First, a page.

A Truth and a Lie: How Do I Approach Pictures?


Hannah and her Moroccan Secret Garden

Here we all are, a group of white American girls with cameras hoisted to our faces trying to snatch one picture—just one—where the baby camels’ heads are actually facing forward. This could have surmised the whole month spent trekking down the coast of Morocco. Alas, I underwent a bit of a wake-up call.

What exactly gives rise to that deep-seated urge to snap a picture? How do I, a westernized American choosing to travel outside my normative lens, decide on what images to freeze in time and take back home with me? For some, the camera is an extended finger, excitedly pointing out stereotyped exotic splendors whose foreign appeal is ironically a product of expectation. But after spending time in Meknes and desperately trying to learn Darija, it became painstakingly apparent that the camera is a dangerous force and I am called as a traveler in an unfamiliar land to wield it with discernment. I cannot merely isolate and capture elements I scarcely understand. A photo is paradoxically a truth and a lie – a single angle compels the viewer’s attention to submit to a premeditated focalization. One photo denies you the comfort of your peripheral judgment. You see what the photographer has allowed you to see and not a fraction of a second more. As the photographer, I must be weary of what I am conveying to others.

I transgress and begin at the end of my trip—the Prado in Madrid, one of the most famous museums in the world and home to the notorious el Greco, Goya, and Velasquez. A museum guide left me with a single artistic word: escorzo. The meaning of the word evades a precise English translation. Rather, it is something made corporeal in the quivering el Greco figures; it is there in muscles like vapor, like shadows of water intermittently surfacing the canvas and distending outward from some holy atmosphere in contours that writhe and yield to some divine cause. The word is also applicable to Velasquez and Goya—in figures that claim their own space, volume, and depth by simultaneously conveying to the viewer a sense of the weighty physical world alongside an elusive fiction or something that defies reality. A truth and a lie. A picture that feels real, and yet reveals an illusion masterfully embedded in paint and artistic craftsmanship.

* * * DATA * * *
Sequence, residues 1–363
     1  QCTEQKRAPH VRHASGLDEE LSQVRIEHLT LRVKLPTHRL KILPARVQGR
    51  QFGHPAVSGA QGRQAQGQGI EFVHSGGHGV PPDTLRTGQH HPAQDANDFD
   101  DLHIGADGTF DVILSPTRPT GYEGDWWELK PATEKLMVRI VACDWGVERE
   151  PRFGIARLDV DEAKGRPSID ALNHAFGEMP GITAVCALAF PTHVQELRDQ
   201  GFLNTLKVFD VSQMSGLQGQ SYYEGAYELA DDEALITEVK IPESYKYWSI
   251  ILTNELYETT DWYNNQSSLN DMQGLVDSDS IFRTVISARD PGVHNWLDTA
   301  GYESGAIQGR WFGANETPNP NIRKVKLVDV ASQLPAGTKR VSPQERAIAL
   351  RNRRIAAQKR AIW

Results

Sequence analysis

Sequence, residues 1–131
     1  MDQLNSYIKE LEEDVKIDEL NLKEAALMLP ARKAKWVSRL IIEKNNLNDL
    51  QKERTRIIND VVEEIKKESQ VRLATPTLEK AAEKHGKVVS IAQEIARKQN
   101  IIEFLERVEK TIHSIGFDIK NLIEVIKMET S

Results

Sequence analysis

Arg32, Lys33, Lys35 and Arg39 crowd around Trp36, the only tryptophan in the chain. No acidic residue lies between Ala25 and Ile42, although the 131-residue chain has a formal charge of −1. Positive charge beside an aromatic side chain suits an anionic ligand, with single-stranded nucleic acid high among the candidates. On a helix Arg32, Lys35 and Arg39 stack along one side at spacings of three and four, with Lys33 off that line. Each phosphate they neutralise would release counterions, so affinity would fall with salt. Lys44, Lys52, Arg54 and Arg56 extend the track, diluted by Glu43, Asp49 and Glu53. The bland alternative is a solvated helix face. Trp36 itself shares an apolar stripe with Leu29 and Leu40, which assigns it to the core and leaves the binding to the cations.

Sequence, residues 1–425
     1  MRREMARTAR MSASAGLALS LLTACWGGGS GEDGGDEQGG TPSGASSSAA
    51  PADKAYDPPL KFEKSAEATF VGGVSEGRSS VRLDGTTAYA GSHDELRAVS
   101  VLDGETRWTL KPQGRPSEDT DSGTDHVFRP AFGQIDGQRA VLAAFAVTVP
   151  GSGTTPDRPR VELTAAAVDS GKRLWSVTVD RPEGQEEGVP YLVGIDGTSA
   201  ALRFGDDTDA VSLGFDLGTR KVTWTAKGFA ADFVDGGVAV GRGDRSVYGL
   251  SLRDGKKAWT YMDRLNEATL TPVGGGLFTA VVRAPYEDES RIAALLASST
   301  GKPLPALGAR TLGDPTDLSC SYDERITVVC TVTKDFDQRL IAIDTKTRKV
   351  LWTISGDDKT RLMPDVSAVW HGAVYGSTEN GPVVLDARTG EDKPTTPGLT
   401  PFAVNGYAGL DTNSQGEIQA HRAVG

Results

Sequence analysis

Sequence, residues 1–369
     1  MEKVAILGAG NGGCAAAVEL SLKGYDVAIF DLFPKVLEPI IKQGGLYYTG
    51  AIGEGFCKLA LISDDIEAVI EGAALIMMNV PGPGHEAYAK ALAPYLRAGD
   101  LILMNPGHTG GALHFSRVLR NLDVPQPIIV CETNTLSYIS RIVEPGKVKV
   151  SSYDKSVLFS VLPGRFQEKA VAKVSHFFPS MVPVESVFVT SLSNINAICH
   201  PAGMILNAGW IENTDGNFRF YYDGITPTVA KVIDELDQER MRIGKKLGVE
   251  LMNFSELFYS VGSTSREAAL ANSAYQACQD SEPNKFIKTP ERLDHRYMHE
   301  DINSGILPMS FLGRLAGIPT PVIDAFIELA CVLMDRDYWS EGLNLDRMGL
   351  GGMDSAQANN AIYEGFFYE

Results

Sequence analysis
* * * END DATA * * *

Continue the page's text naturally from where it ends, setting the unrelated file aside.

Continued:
A picture is a choice – a statement made by the artist that has incredible influence over the very paradigm of the viewer’s personal world. A picture can shatter assumptions, fortify stereotypes, or draw conclusions far beyond a viewer’s expectations. With a single shift in focus, a picture can instigate revolutions of thought and cross boundaries without ever needing to take a single step.